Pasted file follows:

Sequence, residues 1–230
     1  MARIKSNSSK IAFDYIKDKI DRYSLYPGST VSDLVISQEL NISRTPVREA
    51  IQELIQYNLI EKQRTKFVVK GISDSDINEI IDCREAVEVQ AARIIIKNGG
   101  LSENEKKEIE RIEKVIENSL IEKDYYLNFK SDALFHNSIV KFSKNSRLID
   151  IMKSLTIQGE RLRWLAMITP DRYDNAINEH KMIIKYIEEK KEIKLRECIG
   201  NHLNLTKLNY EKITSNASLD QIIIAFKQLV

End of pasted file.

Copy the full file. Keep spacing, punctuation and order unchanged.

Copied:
Sequence, residues 1–230
     1  MARIKSNSSK IAFDYIKDKI DRYSLYPGST VSDLVISQEL NISRTPVREA
    51  IQELIQYNLI EKQRTKFVVK GISDSDINEI IDCREAVEVQ AARIIIKNGG
   101  LSENEKKEIE RIEKVIENSL IEKDYYLNFK SDALFHNSIV KFSKNSRLID
   151  IMKSLTIQGE RLRWLAMITP DRYDNAINEH KMIIKYIEEK KEIKLRECIG
   201  NHLNLTKLNY EKITSNASLD QIIIAFKQLV